Thursday, October 8, 2009

Tag You're It...Pass It On

I read a very interesting article in the Denver Post. I'm wondering why it is that in Colorado, more than just average citizens are taking notice of the fracking process used by oil companies? After reading the article, I then read the comments and this one stuck out:
ILoveChipotle wrote:Oil companies do not frac the aquifers - they do not touch the ground water. The area that is touched by a frac is 8000 feet below the aquifer (that's about a mile & a half away).

Ms. Greenes ignorance & hatred for the industry is astounding.
You are the only one mentioning aquifers.

Are you saying that Coalbed Methane is never found near underground sources of drinking water?

I'm really confused. I'm gonna have to ask some of the smart people I know about the aquifers being touched by fracking. I was thinking that over in Midland, the groundwater has been contaminated, but I could be mistaken. Then I kept reading the comments and came across this one:

I oftentimes disagree with what a columnist writes. Very rarely am I shocked at their ignorance. The two or three articles written by Ms. Greene on fracking are shockingly ignorant. Certain rules, including the chemical disclosure rule that Susan believes to be at issue, were not, and are not, disputed by energy companies. The rules that industry is trying to overturn are those that have have made it nearly impossible to get new permits from the state (yes the state - state regulators - not "you and me").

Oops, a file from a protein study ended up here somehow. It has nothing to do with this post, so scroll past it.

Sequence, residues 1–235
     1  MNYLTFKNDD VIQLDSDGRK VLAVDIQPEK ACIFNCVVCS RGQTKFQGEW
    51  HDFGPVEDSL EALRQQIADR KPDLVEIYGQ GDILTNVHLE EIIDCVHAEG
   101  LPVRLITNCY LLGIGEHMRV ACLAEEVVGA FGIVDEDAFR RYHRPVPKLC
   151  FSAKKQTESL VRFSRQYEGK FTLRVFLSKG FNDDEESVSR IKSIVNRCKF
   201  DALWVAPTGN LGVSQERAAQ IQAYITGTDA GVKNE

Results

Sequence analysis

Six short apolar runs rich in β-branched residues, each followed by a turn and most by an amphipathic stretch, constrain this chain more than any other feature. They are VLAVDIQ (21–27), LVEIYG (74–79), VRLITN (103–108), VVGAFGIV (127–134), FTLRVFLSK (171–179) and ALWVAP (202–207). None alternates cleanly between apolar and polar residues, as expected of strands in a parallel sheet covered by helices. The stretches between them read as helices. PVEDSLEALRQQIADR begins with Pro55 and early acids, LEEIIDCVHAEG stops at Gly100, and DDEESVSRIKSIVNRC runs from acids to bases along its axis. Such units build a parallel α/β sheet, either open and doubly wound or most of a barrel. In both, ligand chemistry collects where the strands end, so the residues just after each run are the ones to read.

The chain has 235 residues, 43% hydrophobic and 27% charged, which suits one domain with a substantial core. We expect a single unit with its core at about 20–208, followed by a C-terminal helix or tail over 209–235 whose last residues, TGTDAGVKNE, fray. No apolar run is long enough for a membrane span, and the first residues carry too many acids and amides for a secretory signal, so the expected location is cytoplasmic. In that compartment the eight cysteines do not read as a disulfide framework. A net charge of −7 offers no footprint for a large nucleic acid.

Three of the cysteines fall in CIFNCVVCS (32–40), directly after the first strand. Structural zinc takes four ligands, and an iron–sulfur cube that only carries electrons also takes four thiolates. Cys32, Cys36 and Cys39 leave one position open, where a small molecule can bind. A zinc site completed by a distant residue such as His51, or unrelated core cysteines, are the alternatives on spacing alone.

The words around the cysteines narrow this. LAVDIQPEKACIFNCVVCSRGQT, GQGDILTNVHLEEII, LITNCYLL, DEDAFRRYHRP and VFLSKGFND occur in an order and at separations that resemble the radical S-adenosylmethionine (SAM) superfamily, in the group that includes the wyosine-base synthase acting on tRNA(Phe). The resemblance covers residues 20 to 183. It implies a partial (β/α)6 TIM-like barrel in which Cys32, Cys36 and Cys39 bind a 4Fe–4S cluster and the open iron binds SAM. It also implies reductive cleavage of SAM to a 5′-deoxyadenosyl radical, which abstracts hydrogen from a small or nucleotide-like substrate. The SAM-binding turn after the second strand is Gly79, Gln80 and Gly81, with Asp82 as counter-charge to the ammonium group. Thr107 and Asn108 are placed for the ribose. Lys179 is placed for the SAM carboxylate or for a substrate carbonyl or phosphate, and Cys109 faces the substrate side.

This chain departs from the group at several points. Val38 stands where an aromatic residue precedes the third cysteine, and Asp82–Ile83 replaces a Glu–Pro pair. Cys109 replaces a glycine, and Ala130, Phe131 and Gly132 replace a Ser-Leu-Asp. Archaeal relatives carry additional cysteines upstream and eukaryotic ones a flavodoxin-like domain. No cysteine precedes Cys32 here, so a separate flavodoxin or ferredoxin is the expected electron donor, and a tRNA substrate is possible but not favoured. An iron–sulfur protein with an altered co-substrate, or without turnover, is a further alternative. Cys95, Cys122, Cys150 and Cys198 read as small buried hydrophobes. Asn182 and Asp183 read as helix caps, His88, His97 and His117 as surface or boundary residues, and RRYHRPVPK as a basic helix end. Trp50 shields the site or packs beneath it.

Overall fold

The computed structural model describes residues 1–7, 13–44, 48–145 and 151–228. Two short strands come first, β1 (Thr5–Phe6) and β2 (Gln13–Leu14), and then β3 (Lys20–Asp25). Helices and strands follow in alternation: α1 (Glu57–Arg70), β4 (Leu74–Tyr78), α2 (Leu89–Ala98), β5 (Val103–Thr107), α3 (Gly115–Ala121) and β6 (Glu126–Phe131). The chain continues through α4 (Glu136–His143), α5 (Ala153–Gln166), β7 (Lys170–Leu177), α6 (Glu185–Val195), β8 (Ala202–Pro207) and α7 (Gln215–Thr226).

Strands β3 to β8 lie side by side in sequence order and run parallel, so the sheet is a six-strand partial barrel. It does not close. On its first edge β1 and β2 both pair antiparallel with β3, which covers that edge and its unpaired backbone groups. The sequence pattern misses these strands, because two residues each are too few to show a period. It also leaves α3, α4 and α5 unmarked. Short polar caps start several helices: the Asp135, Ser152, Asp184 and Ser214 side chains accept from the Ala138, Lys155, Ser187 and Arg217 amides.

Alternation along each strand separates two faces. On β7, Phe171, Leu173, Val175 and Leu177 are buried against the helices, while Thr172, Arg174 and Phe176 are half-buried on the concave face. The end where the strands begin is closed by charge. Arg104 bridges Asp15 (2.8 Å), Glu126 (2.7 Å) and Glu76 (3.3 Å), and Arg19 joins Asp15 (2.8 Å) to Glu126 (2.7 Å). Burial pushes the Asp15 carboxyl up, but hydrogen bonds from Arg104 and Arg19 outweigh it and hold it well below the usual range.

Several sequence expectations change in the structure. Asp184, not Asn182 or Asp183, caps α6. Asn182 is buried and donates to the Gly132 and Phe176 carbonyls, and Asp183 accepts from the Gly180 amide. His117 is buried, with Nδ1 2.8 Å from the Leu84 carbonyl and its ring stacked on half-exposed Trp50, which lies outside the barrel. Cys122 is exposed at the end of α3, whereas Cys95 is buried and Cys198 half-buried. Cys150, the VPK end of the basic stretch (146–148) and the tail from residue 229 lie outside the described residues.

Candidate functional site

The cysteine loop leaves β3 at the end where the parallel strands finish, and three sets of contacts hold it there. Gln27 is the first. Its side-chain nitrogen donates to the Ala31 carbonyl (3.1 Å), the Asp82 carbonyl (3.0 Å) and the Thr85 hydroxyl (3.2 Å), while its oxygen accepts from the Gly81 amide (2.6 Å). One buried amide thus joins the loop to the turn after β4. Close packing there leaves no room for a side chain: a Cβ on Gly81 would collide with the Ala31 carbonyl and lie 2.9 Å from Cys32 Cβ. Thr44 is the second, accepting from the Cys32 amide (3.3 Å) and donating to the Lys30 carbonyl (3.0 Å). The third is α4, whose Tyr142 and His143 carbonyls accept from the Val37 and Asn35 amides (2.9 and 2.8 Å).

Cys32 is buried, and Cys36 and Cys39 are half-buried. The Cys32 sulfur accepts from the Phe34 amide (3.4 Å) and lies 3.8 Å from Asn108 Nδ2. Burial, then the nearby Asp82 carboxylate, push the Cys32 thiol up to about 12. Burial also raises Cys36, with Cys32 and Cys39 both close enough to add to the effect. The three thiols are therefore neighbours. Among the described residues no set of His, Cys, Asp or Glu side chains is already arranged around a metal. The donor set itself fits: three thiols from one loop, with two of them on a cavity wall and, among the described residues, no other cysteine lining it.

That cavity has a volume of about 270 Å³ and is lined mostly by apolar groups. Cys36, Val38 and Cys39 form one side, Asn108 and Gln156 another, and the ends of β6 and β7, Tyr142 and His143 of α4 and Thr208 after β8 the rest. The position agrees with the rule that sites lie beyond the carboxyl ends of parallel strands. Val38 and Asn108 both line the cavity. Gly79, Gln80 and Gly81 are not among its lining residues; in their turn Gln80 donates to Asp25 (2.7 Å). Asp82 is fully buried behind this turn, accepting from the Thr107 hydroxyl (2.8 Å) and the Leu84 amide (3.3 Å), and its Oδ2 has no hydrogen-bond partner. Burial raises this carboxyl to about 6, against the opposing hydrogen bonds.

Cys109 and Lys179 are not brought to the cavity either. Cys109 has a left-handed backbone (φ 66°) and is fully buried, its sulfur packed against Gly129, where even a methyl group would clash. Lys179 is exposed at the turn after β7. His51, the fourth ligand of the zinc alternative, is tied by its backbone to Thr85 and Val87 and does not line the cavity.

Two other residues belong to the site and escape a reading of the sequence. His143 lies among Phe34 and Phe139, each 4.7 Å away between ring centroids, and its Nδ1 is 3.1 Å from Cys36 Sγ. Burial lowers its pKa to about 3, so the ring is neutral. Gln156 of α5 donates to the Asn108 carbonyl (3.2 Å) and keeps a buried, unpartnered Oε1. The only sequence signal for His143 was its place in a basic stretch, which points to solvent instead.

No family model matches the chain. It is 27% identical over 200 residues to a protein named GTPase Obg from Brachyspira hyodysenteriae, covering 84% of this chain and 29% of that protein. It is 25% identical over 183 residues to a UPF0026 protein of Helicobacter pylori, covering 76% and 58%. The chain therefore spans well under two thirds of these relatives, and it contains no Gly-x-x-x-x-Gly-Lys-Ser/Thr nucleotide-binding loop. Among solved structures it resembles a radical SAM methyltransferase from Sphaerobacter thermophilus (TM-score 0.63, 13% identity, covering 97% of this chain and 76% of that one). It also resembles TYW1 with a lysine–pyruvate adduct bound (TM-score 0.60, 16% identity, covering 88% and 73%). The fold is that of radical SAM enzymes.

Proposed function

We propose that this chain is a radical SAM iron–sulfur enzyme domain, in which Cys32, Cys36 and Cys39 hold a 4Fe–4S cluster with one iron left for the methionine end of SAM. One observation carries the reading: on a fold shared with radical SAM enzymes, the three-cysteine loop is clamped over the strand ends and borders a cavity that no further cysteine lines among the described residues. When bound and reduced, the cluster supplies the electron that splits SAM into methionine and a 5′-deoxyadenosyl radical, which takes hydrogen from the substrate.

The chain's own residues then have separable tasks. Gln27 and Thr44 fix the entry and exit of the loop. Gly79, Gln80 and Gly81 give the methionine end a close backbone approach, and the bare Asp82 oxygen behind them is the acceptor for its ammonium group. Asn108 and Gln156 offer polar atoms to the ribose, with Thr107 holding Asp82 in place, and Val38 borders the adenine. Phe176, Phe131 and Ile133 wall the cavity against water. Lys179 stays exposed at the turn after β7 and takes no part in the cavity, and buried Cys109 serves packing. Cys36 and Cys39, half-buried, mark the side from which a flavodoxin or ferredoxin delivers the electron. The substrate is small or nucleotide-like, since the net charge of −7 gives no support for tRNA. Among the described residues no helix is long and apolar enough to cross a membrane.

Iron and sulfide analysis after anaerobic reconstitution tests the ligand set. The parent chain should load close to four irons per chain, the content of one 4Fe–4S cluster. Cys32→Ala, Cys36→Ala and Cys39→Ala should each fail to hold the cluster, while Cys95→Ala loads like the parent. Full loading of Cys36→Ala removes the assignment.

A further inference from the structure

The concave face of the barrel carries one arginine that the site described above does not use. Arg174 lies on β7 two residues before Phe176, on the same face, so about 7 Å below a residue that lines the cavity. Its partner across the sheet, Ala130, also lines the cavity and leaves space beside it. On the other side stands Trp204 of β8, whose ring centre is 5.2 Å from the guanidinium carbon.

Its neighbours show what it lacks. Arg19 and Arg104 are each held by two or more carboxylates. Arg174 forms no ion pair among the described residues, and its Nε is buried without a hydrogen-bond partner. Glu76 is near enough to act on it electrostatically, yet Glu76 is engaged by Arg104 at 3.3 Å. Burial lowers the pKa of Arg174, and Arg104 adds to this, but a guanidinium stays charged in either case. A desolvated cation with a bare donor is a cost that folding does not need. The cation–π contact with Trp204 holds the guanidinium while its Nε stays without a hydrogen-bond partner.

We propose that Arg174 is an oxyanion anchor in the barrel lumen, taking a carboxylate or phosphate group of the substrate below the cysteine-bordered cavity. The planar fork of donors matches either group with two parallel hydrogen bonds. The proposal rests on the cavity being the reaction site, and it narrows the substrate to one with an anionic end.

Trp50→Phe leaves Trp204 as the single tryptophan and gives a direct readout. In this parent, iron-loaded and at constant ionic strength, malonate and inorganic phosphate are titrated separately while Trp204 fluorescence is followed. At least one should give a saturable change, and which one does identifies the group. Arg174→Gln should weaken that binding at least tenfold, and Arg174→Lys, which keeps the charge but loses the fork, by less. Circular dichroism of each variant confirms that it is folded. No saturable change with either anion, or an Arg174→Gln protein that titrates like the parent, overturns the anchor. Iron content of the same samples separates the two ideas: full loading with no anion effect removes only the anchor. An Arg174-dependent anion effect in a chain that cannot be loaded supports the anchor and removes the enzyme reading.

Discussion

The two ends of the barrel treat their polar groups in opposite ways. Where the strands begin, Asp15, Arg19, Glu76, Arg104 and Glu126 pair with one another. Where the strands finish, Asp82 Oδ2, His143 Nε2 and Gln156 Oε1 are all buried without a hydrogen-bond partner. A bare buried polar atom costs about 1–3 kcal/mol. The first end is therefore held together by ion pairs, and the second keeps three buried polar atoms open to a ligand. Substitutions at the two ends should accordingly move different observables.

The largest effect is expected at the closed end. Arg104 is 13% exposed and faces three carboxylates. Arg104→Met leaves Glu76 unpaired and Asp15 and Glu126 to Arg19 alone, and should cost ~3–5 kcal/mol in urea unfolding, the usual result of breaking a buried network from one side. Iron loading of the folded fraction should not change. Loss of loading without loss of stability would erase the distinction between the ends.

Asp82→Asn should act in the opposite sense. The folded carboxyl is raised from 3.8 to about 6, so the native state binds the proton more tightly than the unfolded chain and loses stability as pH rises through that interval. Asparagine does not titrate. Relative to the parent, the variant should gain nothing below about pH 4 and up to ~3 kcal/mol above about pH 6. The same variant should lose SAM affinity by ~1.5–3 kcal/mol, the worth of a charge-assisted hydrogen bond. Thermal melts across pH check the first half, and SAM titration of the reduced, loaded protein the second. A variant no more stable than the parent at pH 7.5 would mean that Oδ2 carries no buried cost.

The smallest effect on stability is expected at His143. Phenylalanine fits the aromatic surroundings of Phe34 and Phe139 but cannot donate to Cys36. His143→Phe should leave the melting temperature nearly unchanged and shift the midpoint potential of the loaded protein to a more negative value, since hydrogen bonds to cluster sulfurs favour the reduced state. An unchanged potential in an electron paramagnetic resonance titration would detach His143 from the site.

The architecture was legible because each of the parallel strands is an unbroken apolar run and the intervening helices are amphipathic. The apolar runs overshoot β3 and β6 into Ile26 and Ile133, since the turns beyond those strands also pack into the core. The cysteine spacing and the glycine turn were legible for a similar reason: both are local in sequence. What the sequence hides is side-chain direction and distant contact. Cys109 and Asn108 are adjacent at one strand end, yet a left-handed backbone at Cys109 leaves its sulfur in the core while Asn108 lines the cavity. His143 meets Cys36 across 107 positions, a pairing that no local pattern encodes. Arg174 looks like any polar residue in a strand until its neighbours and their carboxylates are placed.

Fracking is regulated by the state, very heavily so in fact. Anyone who understands even basic geology knows that it would be impossible for fluids from fracking to travel from 8000 feet below the surface to anywhere near water supplies. The important issue when it comes to fracking is the integrity of the cement and metal casing of the pipe. The state requires myriad tests to ensure that integrity, which is why federal regulations would be overly burdensome.

Now, I'm almost certain that there was some leak in some kind of equipment over in Louisiana of fracking fluids. I'm also remembering that some cows, about 16 or so, drank some of that leakage and died. Yeah, I'm pretty sure about that one.

1 comment:

Anonymous said...

Good point, though sometimes it's hard to arrive to definite conclusions